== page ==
Health & Fitness

Running and You: Tips For A First-time Runner

Advice on your first run

Running is one of the most popular fitness activities, with good reason. Not only it can be very beneficial for your health, with even meditative features, but it is also so one of the simplest activities to start. Literally, all you have to do is to open the door and start running, and that’s it. Of course, as anyone who’ve ever run a mile could tell, simple is not always easy. Most of the potential runners gave up in the first few weeks, intimidated by the seemingly heavy toll that running puts on the body and mind. If you want to start running but you don’t know no how to start, this article will try to help you.

Start Small

If you don’t want to get disappointed in yourself, try not to put up unrealistic goals. Your first attempts at running will hit you really hard, your body and your resolve equally. After a few weeks, you will get used to this kind of exercise and everything will go easier. During those few weeks, it’s more important that you spend time on your feet rather than achieving a result. Try to alternate between walking and running, with just a few minutes of running intervals, then increase the running duration as you progress. 

Good Shoes

In running, shoes are your only required prop, therefore the quality of your shoes is directly proportional to the quality of your running. Choosing the right pair of running sneakers will make you run more comfortable and diminish the risk of injury. The majority of stores specialized for running equipment will have you walking so they can analyze your walking manner in order to determine which sneakers suit you best.  

Monitor Your Progress

The best way to stay motivated is to keep track of your progress and realize how much you have advanced. There are various applications that will record your every run and keep a track of your route, distance, and pace. That way you can see for yourself how much you have grown. The majority of apps will allow you to take notes about your running patterns.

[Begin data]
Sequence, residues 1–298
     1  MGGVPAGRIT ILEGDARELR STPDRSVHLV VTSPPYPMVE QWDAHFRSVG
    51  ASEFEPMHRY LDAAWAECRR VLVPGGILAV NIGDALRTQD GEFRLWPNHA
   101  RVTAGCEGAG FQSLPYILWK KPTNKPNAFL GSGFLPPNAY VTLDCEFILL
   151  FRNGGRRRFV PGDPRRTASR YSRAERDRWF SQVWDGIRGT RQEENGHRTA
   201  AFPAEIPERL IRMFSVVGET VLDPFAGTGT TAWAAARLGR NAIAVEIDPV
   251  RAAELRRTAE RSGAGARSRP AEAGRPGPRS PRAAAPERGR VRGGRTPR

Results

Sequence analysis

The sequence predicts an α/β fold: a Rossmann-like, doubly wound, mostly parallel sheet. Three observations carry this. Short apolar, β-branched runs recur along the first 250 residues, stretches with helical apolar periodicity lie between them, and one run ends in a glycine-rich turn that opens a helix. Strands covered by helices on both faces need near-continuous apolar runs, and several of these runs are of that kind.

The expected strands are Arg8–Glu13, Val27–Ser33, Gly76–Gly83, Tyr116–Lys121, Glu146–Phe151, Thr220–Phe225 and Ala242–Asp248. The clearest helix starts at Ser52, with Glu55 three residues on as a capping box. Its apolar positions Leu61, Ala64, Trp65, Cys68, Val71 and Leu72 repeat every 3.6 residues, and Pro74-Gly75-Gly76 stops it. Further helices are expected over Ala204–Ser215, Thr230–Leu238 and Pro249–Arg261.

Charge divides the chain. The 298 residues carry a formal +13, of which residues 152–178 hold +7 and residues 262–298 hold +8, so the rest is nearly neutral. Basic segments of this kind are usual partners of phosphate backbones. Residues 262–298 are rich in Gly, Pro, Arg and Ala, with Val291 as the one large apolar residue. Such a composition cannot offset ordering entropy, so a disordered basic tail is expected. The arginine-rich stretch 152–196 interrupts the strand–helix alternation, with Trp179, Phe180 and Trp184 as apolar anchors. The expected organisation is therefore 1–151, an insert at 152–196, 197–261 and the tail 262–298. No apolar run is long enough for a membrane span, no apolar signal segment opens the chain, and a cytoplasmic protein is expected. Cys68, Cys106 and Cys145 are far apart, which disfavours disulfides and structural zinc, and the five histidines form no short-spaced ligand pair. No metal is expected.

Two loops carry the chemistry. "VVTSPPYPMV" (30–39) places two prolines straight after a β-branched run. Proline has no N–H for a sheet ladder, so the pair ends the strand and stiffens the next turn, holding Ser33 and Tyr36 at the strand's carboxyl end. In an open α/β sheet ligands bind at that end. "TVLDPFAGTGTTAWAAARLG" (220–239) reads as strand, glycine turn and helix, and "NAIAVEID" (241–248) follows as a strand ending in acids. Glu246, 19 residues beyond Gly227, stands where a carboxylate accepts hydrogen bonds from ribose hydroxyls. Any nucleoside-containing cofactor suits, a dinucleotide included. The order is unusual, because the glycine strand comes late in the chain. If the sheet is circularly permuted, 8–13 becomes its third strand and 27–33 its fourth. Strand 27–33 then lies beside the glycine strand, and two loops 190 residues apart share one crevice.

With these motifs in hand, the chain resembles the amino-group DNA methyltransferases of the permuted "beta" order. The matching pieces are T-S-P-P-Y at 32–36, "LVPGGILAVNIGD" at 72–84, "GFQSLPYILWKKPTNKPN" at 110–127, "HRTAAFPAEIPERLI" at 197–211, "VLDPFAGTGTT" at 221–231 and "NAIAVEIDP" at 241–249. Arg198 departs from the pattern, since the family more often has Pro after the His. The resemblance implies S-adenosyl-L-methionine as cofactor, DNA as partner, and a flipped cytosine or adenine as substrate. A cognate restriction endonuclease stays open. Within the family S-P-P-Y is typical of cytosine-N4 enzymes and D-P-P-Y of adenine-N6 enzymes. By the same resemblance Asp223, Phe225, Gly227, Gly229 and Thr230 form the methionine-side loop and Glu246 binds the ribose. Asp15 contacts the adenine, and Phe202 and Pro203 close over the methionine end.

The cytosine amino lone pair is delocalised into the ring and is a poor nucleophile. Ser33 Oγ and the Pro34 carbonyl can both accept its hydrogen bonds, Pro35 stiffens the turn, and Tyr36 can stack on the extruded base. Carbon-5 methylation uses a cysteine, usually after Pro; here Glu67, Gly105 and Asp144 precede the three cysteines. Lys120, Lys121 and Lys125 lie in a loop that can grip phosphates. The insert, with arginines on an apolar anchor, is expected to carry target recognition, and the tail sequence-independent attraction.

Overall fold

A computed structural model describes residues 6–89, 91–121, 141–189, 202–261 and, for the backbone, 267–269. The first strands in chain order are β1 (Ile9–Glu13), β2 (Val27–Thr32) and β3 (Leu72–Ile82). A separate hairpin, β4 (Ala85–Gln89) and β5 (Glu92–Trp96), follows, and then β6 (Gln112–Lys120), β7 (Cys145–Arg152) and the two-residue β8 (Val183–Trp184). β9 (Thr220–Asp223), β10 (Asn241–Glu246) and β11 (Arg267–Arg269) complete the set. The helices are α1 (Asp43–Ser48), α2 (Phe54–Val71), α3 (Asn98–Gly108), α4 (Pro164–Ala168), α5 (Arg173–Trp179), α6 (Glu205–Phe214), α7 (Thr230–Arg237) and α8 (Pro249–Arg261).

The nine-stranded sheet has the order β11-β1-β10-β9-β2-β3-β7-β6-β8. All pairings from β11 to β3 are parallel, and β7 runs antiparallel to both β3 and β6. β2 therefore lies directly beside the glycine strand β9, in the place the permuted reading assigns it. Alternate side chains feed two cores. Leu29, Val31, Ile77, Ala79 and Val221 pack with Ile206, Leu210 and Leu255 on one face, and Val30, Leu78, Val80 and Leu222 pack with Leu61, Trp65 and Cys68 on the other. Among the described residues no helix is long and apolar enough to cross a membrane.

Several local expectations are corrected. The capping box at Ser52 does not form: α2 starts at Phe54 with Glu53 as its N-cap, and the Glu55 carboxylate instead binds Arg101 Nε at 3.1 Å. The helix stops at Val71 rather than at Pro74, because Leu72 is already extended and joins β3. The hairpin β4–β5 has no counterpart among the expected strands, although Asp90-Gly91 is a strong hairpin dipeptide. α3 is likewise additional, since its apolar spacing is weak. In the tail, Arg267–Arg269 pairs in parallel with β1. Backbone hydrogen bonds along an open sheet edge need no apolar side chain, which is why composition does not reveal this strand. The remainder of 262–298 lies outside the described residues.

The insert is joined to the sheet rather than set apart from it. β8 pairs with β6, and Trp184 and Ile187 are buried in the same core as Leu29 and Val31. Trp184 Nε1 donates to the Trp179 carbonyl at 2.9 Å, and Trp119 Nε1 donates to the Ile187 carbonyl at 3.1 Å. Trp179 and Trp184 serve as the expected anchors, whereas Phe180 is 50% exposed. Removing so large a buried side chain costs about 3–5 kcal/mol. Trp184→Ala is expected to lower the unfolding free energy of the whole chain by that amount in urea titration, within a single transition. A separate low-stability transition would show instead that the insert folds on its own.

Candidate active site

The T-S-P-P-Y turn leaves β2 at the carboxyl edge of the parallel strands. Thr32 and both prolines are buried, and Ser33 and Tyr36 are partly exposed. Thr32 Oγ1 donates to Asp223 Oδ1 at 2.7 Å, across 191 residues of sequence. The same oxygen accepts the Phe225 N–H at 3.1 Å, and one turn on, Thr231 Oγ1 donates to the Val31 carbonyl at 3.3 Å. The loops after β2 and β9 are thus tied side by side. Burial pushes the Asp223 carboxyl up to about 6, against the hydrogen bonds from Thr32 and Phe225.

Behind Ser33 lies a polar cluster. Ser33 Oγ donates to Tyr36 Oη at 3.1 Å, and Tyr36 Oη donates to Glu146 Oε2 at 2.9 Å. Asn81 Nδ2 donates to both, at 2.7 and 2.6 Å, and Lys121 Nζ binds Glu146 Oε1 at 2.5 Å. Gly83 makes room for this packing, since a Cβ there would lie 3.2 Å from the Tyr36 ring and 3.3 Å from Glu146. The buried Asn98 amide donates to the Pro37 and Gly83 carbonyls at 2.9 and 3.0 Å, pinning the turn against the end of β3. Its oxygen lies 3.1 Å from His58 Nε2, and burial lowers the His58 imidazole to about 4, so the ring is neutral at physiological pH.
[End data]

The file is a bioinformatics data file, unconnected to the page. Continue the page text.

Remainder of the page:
Mind Your Undergarment

As you already know, running is a pretty sweaty activity. Therefore, a lot of running equipment comes with quick-dry and moisture-wicking properties. The far least comfortable place to get drenched during the run is the nether region. In order to prevent that it would be smart to buy several sets of quick-dry undergarments. The same goes for socks. The cotton is very comfortable but it is also very prone to soaking up, so we recommend a synthetic, moisture-wicking material. 

Rest after Running

If you want to get stronger and fitter, think of the rest as a part of your training. Many people neglect the rest and try to force through, which usually ends up in injury, or at least significantly lower levels of energy and motivation. Do not ignore your injuries, but try and visit an expert. There are physiotherapist ordinations specialized for injuries caused by running, such as Movement 101.  A beginner’s measure is 2 or 3 days per week of running and plenty of rest in between. Rest doesn’t have to be passive, though. Some moderate activities are good to keep your circulation up.  

Active Post Workout

The biggest mistake you can make after you finished a challenging run is to crumble down and not move for the rest of the day. You can say your legs goodbye for the next couple of days. The best course of action after a hard run is to keep the blood flowing by doing mild exercises, such as walking, gentle stretching, foam rolling and so on. 

Fuel Yourself Up

Finding the right combination of nutrients can really make wonders for your form. Munching a quality meal before and after the run will help you energize and recover. Just try not to experiment with your food before the run, or else you will probably end up wishing you didn’t do that. Just stick to your favorite combination of carbs protein and fat and you’ll have enough energy even for the major challenges.

Proper Exercise

For the best results in running, you should also combine it with form and strength training. Strengthening your legs and the hip area will give you a sturdy foundation for the long-distance run. Surprisingly enough, stretching before the race is not a good thing. Not only it doesn’t prevent injuries, but it might also negatively impact your performance. Instead of stretching you should do a set of bodyweight movements to get your body relaxed.      


Running is quite a popular activity because it is very simple to start with. It is also an activity with a high percentage of quitters in the first stage. It is crucial not to overestimate yourself when starting to run. Progress is usually way less visible than failure, so keep the track of your exercise for an occasional boost of motivation. If you play it smart, you will come a long way, pun intended.  

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